Government Aiming to Introduce Rent Control Measures Across Scotland
September 3, 2015
A series of rent control measures look set to be introduced in Scotland through legislation designed to protect tenants from unexpected rises in their monthly outgoings.
In what could be good news for thousands of indebted Scottish households, the government is planning to introduce a Private Tenancies Bill that will effectively give it powers to control rent rises.
The underlying aim of the bill is to prevent rent rises from becoming too steep for families around the country to bear from a personal finance perspective.
First minister Nicola Sturgeon presented the Scottish National Party’s programme for government this week and outlined its goals for the 12 months before voters go to the polls and potentially elect new members of parliament.
Among the programme were details on the Private Tenancies Bill, which incorporates measures designed to “provide more predictable rents and protection for tenants against excessive rent increases, including the ability to introduce rent controls for rent pressure areas”.
In addition, the new rules will aim to provide a greater degree of protection for tenants in terms of their tenure within a particular property. So landlords will have less legal support for asking their tenants to leave at the end of a fixed-term contract of a particular length.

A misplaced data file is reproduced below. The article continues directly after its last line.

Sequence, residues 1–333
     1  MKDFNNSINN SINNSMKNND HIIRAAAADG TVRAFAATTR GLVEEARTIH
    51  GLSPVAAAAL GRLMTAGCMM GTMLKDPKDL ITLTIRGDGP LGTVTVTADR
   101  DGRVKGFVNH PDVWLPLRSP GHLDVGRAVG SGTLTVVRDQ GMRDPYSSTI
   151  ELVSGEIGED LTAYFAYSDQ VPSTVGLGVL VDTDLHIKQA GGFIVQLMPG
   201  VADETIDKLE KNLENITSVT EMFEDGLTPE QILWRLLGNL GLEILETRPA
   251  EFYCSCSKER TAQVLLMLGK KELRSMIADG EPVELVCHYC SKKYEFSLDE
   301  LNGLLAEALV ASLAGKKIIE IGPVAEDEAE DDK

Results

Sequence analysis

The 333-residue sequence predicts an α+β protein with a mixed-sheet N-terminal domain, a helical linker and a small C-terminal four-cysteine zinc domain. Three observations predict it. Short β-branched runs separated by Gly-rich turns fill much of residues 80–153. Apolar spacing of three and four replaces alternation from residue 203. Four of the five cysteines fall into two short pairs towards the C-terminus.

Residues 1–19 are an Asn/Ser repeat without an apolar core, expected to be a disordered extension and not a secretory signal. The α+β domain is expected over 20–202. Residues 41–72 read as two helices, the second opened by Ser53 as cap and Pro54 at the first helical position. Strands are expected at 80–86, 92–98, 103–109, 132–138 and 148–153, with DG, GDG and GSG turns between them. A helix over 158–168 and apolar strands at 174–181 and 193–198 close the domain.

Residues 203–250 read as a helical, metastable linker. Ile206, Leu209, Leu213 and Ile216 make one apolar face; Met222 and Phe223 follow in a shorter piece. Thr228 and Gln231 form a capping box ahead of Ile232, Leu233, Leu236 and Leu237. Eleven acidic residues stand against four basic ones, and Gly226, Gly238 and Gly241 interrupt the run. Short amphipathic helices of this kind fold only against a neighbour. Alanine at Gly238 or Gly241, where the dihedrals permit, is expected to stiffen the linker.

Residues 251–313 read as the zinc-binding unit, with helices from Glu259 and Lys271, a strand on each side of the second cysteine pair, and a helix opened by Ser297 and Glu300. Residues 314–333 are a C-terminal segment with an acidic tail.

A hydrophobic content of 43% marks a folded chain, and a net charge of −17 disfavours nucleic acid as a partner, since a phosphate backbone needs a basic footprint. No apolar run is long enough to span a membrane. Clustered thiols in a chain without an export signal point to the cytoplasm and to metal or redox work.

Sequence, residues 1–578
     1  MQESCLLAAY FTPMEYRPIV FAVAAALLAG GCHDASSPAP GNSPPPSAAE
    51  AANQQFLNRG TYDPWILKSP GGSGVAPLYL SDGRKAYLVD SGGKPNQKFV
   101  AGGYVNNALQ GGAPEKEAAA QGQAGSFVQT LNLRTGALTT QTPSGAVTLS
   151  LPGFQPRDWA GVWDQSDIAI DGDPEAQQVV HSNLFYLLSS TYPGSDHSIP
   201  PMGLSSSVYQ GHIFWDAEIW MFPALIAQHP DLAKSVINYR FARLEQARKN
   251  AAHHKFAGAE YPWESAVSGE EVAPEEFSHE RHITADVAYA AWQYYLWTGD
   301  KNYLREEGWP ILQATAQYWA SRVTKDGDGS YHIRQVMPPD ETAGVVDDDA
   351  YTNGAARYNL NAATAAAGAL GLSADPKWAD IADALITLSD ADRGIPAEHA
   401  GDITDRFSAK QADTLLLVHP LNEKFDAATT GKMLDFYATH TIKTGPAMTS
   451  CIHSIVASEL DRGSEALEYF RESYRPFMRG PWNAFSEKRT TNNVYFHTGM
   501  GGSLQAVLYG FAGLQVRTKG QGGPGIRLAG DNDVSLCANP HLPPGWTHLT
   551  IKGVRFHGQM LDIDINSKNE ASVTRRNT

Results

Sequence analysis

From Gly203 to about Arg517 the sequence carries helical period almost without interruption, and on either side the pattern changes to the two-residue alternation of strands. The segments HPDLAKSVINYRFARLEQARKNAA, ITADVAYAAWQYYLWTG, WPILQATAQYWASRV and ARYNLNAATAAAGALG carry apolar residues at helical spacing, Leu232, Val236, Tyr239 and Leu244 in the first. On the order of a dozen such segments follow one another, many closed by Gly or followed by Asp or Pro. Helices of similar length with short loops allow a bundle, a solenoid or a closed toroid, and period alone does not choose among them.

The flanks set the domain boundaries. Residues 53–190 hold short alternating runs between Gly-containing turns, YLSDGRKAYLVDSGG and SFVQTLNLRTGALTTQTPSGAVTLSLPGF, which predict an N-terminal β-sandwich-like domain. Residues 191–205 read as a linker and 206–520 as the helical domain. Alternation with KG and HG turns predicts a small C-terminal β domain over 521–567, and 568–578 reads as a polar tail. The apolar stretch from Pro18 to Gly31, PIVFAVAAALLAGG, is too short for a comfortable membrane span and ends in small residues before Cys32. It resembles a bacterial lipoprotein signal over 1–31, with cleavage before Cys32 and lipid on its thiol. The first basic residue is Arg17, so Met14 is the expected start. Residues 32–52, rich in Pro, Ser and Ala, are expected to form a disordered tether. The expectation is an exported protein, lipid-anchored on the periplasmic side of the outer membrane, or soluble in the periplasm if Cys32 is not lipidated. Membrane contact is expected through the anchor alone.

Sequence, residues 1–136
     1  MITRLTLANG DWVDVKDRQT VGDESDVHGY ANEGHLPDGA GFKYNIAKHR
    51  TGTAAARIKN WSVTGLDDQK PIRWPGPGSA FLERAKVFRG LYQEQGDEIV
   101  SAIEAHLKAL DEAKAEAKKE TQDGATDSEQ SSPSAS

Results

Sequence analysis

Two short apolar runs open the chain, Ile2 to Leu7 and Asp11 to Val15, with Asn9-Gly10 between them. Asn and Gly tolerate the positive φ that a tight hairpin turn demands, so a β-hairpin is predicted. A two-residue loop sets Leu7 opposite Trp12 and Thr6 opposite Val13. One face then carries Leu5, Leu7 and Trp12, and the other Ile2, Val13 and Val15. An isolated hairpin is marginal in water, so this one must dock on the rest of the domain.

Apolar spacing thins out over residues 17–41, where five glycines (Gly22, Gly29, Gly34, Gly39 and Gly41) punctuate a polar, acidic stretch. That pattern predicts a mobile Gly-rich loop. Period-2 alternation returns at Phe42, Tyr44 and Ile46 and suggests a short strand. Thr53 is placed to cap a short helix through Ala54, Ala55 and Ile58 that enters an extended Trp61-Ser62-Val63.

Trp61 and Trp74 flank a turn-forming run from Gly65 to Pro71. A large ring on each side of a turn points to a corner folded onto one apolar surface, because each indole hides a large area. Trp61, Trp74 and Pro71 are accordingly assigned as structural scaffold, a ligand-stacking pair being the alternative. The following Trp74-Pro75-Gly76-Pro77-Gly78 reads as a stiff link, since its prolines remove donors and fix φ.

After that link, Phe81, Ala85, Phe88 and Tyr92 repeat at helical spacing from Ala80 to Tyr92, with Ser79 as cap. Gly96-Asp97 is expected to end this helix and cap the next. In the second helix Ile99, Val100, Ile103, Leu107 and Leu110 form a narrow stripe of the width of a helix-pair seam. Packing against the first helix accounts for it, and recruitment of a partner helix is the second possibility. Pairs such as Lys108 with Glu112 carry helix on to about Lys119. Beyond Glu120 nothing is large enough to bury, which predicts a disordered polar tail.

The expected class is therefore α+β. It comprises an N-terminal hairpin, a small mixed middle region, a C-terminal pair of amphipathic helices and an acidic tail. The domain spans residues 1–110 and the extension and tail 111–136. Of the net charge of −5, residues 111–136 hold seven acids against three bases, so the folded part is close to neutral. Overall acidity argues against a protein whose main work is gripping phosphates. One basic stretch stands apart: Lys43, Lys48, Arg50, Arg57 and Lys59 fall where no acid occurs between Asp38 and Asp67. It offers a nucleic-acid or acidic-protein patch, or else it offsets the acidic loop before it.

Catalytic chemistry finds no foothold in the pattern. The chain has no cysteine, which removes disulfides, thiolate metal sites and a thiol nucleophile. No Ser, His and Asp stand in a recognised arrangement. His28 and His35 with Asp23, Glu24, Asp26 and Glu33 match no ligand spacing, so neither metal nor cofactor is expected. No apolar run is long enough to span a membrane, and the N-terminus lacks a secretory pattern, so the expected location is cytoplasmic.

The SNP’s document outlining the Scottish government’s plans for 2015-16 says that the Private Tenancy Bill “will meet our commitment to give tenants in the private rented sector increased security while giving landlords, lenders and investors the confidence to continue investing in the sector”.
It also detailed some of the clearest differences of opinion between the government in Scotland and the UK government in Westminster with the SNP making no secret of its intention to “stand against austerity” and to work towards offsetting some of the cuts to public expenditure at the UK level.
“Tackling poverty remains our key priority, and this will become increasingly challenging because of announcements by the UK Government on welfare reform,” the ‘Stronger Scotland’ document insists.
“UK reforms to tax credits alone will reduce the incomes of between 200,000 and 250,000 households in Scotland, taking £700 million from the pockets of people on low incomes in Scotland every year,” it said.
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